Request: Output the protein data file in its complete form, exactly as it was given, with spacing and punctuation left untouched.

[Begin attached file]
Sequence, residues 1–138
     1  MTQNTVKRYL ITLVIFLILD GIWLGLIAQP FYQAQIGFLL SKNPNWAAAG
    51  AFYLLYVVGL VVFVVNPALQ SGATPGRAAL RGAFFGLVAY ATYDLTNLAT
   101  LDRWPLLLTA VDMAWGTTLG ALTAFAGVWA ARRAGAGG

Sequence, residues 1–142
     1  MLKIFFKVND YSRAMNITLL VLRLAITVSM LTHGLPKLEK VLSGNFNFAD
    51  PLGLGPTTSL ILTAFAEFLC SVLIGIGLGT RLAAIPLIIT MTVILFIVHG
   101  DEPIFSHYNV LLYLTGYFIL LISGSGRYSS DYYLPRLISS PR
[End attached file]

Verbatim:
Sequence, residues 1–138
     1  MTQNTVKRYL ITLVIFLILD GIWLGLIAQP FYQAQIGFLL SKNPNWAAAG
    51  AFYLLYVVGL VVFVVNPALQ SGATPGRAAL RGAFFGLVAY ATYDLTNLAT
   101  LDRWPLLLTA VDMAWGTTLG ALTAFAGVWA ARRAGAGG

Sequence, residues 1–142
     1  MLKIFFKVND YSRAMNITLL VLRLAITVSM LTHGLPKLEK VLSGNFNFAD
    51  PLGLGPTTSL ILTAFAEFLC SVLIGIGLGT RLAAIPLIIT MTVILFIVHG
   101  DEPIFSHYNV LLYLTGYFIL LISGSGRYSS DYYLPRLISS PR